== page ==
March 2018

19th – 25th March

Investigation of Prazosin for PTSD-associated Sleep Disturbances

Prazosin, a medication for high blood pressure, is often used to treat PTSD-associated night terrors. Researchers wanted to investigate these effects further and conducted the largest and most widespread trial to date. 304 veterans suffering from PTSD were recruited to the study and were randomly assigned to either 26 weeks with Prazosin or placebo. Interestingly no significant differences were found for sleep quality, night terrors or clinical improvement between Prazosin and placebo at 10-week and 26-week assessment time points. This result suggests that Prazosin may be an inappropriate treatment for PTSD, however it should be noted that this sample had lower blood pressure, less alcohol consumption and fewer benzodiazepine prescriptions than previous studies looking at Prazosin for PTSD. In conclusion, further research with a larger sample size may be beneficial in revealing Prazosin’s benefits for certain PTSD subset groups.

A summary of the study can be found here.


12th – 18th March

King’s Centre for Military Health Research – Veterans’ Mental Health – From Enlistment to Retirement


On Thursday 15th March, the HVRT attended an event hosted by the King’s Centre for Military Health Research (KCMHR) and sponsored by Forces in Mind Trust (FiMT) at King’s College, London entitled Veterans’ Mental Health – From Enlistment to Retirement. The event included talks by military personnel, academics, and representatives of the Ministry of Defence and Service charity sector. HRH Prince Harry of Wales, Air Vice-Marshall Ray Lock, Forces in Mind Trust, and the RT Hon Tobias Ellwood MP spoke at the event regarding the mental health of military personnel before, during and after service. To read our report on this event, please click here.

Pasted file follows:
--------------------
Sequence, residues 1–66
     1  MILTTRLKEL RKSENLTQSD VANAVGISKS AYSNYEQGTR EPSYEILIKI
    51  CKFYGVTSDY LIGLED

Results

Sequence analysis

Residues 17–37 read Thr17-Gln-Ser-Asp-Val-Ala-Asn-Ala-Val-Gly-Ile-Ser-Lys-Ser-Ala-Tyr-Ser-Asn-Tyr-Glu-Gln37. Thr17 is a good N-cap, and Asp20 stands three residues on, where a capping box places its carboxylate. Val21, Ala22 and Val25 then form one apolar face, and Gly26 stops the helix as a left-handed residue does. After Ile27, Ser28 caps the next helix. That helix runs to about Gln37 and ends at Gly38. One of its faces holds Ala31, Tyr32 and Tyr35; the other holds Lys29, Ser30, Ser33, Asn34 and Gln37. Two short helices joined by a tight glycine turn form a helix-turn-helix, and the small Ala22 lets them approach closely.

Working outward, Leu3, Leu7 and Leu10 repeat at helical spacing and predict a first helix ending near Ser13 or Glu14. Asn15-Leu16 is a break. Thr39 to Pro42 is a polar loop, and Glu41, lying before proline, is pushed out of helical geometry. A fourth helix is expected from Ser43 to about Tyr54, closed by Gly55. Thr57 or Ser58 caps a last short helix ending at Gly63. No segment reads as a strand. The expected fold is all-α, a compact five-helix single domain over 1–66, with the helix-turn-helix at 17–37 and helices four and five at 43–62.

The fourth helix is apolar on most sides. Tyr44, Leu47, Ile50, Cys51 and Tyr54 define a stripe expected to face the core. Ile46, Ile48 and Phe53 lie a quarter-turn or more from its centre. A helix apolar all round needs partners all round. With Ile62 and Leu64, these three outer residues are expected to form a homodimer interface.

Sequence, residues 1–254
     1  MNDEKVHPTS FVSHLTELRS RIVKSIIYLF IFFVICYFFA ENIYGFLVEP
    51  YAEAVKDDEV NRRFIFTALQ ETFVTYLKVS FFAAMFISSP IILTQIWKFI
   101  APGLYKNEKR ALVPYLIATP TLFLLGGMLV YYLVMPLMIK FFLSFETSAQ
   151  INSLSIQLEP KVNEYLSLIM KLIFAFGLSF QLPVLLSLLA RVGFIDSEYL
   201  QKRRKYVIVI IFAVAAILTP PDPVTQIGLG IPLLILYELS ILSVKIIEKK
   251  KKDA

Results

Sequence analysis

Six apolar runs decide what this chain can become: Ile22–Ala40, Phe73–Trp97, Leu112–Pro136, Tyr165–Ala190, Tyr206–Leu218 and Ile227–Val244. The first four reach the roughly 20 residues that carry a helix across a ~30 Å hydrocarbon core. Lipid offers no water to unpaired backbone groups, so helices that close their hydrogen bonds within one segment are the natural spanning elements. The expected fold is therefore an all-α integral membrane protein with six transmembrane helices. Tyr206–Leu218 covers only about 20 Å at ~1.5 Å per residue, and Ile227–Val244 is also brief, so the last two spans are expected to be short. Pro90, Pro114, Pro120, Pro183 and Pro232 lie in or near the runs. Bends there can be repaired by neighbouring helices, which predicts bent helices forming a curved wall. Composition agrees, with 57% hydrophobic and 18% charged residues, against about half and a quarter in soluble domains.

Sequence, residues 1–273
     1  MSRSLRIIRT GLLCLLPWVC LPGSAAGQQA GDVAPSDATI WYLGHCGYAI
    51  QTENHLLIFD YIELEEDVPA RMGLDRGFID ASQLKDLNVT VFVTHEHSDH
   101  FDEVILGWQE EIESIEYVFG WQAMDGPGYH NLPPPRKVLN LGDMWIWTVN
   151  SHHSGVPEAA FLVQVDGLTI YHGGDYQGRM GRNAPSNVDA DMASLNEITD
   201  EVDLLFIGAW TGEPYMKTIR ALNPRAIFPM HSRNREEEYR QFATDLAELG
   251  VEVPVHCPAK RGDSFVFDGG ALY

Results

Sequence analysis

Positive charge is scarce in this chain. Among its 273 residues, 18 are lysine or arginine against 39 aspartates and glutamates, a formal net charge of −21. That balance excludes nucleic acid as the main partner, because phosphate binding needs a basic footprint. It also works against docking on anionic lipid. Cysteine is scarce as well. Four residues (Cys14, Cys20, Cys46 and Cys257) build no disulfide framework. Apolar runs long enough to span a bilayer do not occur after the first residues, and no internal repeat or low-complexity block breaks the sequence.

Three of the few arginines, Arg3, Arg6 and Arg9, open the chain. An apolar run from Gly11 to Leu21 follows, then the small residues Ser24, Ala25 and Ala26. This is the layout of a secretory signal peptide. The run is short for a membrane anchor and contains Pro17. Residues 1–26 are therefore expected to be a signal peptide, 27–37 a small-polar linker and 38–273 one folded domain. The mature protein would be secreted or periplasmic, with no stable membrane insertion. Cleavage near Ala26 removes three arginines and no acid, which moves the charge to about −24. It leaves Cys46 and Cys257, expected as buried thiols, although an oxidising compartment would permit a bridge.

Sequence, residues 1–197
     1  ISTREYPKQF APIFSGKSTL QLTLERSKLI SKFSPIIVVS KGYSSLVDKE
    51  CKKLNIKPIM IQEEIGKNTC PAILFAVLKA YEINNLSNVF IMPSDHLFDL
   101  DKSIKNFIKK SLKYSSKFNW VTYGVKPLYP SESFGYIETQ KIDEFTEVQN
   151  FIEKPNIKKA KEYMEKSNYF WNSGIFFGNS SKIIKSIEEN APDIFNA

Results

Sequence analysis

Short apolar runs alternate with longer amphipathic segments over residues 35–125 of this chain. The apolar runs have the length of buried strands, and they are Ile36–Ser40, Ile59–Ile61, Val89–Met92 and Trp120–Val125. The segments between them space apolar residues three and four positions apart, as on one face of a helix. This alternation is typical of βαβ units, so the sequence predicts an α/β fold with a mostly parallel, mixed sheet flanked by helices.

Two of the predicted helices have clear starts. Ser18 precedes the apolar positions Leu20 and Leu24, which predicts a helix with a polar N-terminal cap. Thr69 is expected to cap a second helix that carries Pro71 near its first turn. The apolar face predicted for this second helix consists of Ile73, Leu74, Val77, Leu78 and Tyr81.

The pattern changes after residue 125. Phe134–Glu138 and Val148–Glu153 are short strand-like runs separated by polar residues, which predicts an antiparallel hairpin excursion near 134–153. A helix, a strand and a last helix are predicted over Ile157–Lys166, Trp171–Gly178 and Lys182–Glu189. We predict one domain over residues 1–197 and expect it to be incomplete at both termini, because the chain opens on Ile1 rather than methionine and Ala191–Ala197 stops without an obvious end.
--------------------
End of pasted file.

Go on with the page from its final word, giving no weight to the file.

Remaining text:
5th-11th March 

Meta-analysis of Long-Term Psychotherapy for PTSD

Psychotherapies, such as cognitive processing therapy (CPT), cognitive therapy (CT) and prolonged exposure (PE), are commonly used techniques when treating PTSD. A meta-analysis of 32 randomised controlled trials looking at psychotherapy effect on PTSD, with long term follow ups of at least 6 months were used. The aim was to examine the long-term efficacy of various PTSD therapies. Results of the meta-analysis reveal that psychotherapies on a whole were effective in treating PTSD and were maintained at long-term follow up. No psychotherapy differed in effectiveness from pre-treatment to long-term follow up, however, exposure based therapies, such as PE, had a significantly greater effect size from post-treatment to long-term follow up compared to other interventions. Overall the results provide promising data regarding the long-term impact of evidence-based psychotherapy treatments for PTSD.

The article can be accessed here.


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